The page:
btigMonopsony power is wielded when one very large buyer of a product or service becomes so important to the seller, it can dictate its own terms and win deals that no other competitor can secure for itself.

Comcast is already the nation’s largest cable operator. Time Warner Cable is second largest. One would have to combine most of the rest of the nation’s cable companies to create a force equally important to cable programming networks.

As Stop the Cap! testified last summer before the Public Service Commission in New York, allowing a merger of Comcast and Time Warner Cable would secure the combined cable company volume discounts on cable programming that no other competitor could negotiate for itself. That would deter competition by preventing start-ups from entering the cable television marketplace because they would be at a severe disadvantage with higher wholesale programming expenses that would probably make their retail prices uncompetitive.

Even worse, large national cable programming distributors could dictate terms on what kinds of programming was available.

comcastbuy_400_241The FCC recognized the danger of monopsony market power and in the 1990s set a 30% maximum market share limit on the number of video customers one company could control nationally. That number was set slightly above the national market share held by the largest cable company at the time — first known as TCI, then AT&T Broadband, and today Comcast. Comcast sued the FCC claiming the cap was unconstitutional and won twice – first in 2001 when a federal court dismissed the rule as arbitrary and again in 2009 when it threw out the FCC’s revised effort.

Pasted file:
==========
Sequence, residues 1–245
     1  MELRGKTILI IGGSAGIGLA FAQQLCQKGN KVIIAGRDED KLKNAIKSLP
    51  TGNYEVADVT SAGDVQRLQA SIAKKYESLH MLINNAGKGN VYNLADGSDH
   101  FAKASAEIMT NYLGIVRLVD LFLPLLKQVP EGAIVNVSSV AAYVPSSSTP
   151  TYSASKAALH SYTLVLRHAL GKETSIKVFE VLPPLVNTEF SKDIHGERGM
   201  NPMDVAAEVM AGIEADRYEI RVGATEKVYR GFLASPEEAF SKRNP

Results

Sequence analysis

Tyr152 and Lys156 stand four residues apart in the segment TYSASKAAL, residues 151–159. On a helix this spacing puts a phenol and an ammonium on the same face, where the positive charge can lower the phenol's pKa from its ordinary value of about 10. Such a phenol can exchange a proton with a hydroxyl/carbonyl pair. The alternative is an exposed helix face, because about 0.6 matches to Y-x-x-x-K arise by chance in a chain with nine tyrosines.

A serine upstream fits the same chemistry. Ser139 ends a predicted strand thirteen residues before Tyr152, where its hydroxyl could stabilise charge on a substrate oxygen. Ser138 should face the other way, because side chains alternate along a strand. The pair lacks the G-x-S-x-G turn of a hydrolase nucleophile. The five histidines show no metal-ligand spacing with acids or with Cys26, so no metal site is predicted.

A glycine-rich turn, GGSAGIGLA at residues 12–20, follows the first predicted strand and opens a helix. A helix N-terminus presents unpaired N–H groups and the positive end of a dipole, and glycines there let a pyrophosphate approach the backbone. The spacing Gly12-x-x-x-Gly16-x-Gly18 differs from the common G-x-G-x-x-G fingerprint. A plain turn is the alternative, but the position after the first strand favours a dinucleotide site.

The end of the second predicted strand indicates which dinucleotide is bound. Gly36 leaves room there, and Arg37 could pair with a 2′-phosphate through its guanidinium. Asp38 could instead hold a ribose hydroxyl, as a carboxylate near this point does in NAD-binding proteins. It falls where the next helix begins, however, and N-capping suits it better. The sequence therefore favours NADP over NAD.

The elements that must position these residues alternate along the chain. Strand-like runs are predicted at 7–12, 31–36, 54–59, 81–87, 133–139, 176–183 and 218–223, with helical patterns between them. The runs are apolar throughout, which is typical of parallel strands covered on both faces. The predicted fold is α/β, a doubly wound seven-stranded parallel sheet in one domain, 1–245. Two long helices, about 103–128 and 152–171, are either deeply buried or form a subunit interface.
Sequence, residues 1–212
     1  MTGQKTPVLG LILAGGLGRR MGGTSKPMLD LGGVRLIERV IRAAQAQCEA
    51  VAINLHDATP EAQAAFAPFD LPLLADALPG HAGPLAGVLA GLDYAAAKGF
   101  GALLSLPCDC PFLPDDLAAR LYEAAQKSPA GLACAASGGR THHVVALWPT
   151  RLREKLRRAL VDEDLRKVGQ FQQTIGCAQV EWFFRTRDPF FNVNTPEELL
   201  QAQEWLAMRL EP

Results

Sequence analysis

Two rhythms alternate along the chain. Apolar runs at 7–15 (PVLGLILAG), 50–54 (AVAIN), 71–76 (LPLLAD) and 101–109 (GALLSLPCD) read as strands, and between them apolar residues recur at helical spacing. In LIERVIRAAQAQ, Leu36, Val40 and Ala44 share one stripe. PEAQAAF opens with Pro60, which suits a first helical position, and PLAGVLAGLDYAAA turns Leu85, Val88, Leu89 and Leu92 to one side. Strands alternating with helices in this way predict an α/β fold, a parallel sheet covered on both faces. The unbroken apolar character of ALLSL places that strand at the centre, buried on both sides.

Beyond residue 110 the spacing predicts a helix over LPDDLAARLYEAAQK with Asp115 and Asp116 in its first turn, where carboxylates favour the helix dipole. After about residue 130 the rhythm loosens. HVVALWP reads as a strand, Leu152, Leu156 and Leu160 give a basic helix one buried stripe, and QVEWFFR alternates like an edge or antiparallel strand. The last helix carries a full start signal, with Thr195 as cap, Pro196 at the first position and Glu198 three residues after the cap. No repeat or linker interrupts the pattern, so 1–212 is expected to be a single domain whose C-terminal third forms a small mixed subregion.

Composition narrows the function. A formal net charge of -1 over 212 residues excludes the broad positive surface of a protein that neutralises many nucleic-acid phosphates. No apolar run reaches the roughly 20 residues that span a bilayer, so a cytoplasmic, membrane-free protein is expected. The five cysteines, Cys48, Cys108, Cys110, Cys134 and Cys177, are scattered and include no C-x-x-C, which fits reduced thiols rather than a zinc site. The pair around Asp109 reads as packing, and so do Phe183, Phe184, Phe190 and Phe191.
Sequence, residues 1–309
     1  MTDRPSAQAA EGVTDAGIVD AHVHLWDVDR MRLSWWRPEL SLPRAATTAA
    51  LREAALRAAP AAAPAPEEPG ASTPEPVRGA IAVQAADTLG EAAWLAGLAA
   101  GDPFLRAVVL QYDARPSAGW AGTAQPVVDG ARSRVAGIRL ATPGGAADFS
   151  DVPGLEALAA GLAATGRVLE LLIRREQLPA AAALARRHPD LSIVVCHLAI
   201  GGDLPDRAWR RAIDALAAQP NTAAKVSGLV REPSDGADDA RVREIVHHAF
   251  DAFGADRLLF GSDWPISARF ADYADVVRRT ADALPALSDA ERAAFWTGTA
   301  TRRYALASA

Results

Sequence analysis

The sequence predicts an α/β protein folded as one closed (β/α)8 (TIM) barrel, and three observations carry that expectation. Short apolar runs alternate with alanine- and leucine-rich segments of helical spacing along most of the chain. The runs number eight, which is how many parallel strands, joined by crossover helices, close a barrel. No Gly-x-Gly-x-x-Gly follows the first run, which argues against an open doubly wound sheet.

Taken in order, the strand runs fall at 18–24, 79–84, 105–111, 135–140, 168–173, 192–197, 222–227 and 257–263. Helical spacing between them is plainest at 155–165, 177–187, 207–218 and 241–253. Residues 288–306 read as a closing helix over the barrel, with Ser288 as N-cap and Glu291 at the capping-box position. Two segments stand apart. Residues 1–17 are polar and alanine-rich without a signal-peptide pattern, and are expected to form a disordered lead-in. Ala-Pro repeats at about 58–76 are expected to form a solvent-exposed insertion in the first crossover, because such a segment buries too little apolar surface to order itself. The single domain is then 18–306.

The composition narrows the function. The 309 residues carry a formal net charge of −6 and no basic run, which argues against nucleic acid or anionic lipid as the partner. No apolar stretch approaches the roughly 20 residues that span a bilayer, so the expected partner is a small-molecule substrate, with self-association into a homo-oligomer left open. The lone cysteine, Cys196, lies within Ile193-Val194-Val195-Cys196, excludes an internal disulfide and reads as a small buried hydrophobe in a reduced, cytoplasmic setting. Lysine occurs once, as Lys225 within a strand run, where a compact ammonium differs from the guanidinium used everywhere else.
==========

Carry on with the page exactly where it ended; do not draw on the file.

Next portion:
Comcast itself recognized the 30% cap as an important bellwether for regulators watching the concentration of market power through mergers and acquisitions. When it agreed to buy Time Warner Cable, it volunteered to spin-off enough customers of the combined company to stay under the 30% (now voluntary) cap.

Greenfield argues the importance of concentration in the video programming marketplace has been overtaken by concerns about broadband.

“While Comcast tried to steer the government to evaluate the Time Warner deal on the old paradigm of video subscriber share, it is increasingly clear that DOJ and FCC approval/denial will come down to how they view the competitive landscape of broadband and whether greater broadband market share serves the public interest,” Greenfield wrote.

comcast whoppersIf the Comcast merger deal ultimately fails, the company may have only itself to blame.

Last year Comcast faced intense scrutiny over its interconnection agreements with companies that handle traffic for large content producers like Netflix. Comcast customers faced a deterioration in Netflix streaming quality after Comcast refused to upgrade certain connections to keep up with growing demand. Netflix was eventually forced to establish a direct paid connection agreement with the cable operator, despite the fact Netflix offers cable operators free equipment and connections for just that purpose.

That event poured gasoline on the smoldering debate over Net Neutrality and helped fuel support for a strong Open Internet policy that would give the FCC authority to check connection agreements and ban paid online fast lanes.

Seeing how Comcast affected broadband service for millions of subscribers across dozens of states could shift the debate away from any local impacts of the merger and refocus it on how many broadband customers across the country a single company should manage.

Comcast will control 50% or more of the national broadband market when applying the FCC’s newly defined definition of broadband: 25/3Mbps.

That rings antitrust and anticompetitive alarm bells for any regulator.